• Word count: 964

Conclusion analysis

Good conclusions usually refer back to the question or title and address it directly - for example by using key words from the title.
How well do you think these conclusions address the title or question? Answering these questions should help you find out.

  1. Do they use key words from the title or question?
  2. Do they answer the question directly?
  3. Can you work out the question or title just by reading the conclusion?
  • To What Extent Do You agree that Gertrude

    "I feel that this is the most likely conclusion that can be drawn from the limited evidence provided to us by the text on Gertrude. Due to her over bearing role in her relationship with her husband Claudius, I feel that she must have knowledge of the circumstances of the King's death. I believe that it is she who drove Claudius into his actions which in turn leads on to any other evil actions carried out later on in the play, including those carried out by Hamlet in vengeance for his father. Therefore, assuming this to be true, all evil can be traced back to Gertrude, which places her at the very centre of evil. 1,890"

  • Compare and Contrast Hamlets two soliloquiesin Act 1.

    "To conclude, there are many stark contrasts in the language used, the mood and emotions of Hamlet personally before and after his meeting with the ghost. However the overall mood of the play in general and the themes of appearance and reality and disturbed order are very similar and strong in both soliloquies. Chris Gill 02/05/07"

  • "To what extent do you consider Hamlet a play which presents a patriarchal society in which women are essentially disempowered?"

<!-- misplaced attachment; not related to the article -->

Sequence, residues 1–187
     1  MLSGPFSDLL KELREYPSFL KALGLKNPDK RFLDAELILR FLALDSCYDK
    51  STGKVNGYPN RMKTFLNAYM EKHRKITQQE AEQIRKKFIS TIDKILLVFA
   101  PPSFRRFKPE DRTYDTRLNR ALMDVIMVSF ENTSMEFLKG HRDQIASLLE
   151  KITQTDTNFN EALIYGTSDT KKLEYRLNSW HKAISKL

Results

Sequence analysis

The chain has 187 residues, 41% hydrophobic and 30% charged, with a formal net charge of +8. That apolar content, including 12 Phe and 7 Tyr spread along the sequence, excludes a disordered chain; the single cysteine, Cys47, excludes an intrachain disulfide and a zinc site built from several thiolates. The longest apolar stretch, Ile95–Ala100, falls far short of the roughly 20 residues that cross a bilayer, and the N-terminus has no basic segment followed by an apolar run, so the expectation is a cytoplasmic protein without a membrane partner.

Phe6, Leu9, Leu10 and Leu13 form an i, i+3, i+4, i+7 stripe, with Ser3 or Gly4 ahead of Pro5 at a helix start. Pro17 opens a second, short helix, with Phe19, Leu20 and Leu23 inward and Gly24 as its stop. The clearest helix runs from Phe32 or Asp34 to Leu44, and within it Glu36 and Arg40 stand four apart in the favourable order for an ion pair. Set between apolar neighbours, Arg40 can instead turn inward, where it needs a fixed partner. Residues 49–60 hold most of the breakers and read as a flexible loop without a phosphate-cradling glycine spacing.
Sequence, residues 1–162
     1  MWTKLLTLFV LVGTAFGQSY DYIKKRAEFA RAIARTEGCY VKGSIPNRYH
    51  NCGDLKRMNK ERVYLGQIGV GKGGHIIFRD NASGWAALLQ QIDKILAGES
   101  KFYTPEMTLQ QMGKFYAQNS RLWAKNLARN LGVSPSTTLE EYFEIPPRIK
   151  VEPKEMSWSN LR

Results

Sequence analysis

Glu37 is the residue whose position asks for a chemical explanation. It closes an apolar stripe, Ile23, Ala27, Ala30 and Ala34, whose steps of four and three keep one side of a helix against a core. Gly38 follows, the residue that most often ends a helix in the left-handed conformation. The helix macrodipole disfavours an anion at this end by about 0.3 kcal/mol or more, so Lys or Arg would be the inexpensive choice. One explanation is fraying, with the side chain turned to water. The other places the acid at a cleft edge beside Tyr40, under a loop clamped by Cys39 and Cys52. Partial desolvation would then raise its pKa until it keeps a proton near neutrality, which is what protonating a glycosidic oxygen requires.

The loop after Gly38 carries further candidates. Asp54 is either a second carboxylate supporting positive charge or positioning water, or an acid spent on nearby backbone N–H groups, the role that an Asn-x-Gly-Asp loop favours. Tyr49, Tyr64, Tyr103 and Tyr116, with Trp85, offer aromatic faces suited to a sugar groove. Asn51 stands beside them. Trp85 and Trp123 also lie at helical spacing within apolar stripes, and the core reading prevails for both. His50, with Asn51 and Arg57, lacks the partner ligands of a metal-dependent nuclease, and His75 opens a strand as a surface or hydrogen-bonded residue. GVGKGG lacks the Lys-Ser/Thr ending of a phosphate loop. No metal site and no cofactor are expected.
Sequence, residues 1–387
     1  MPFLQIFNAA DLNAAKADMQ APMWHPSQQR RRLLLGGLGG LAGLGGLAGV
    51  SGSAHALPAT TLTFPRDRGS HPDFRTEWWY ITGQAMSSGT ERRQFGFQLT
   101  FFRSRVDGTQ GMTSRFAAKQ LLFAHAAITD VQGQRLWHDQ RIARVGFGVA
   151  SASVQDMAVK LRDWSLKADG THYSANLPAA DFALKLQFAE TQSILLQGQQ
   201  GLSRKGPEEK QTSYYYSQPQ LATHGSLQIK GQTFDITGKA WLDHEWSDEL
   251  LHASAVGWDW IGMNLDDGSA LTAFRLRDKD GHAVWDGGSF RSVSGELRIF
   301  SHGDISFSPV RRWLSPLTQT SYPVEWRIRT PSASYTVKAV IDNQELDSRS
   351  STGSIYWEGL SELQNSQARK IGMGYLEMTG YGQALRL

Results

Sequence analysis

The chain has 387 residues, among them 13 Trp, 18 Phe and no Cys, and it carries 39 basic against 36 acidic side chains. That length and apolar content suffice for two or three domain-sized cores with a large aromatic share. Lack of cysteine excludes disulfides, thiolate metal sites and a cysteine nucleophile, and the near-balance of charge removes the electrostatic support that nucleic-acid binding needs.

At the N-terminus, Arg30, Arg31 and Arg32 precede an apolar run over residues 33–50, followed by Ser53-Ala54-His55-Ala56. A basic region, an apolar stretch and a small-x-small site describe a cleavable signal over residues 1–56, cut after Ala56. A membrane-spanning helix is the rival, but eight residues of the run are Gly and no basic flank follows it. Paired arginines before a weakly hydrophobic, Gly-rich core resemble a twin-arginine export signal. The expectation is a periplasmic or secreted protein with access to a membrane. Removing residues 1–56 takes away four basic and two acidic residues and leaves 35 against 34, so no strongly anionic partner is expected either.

"In conclusion, I think the evidence shows that there are different types of empowerment and disempowerment, male and female scattered throughout the play, some blatantly obvious, some rather more subtle. After careful analysis of the play, I have come to my own personal opinion that women in Hamlet are essentially disempowered, for these main reasons : Firstly, there are more men than women in the play, showing that women play less important roles. Secondly, women are not involved in the real important parts of the plot, they only act as a sub-plot, a tangent from the storyline. Also, by the end of the play, neither of the women are seen to have any sort of peace of mind, and they both die tragically. Sources Used: Shakespeare's Ophelia - Amanda Mabillard Gertrude In Hamlet - Orah Rosenblatt A - Z of Shakespeare - Charles Boyce Shakespeare's Life And Times - Oscar J Campbell Hamlet Commentary - Granville - Barker Hamlet Psychoanalysed. 1815words.W/Quotes 1703words W/out Quotes . SAM MAY L6WH ENGLISH LIT COURSEWORK: HAMLET"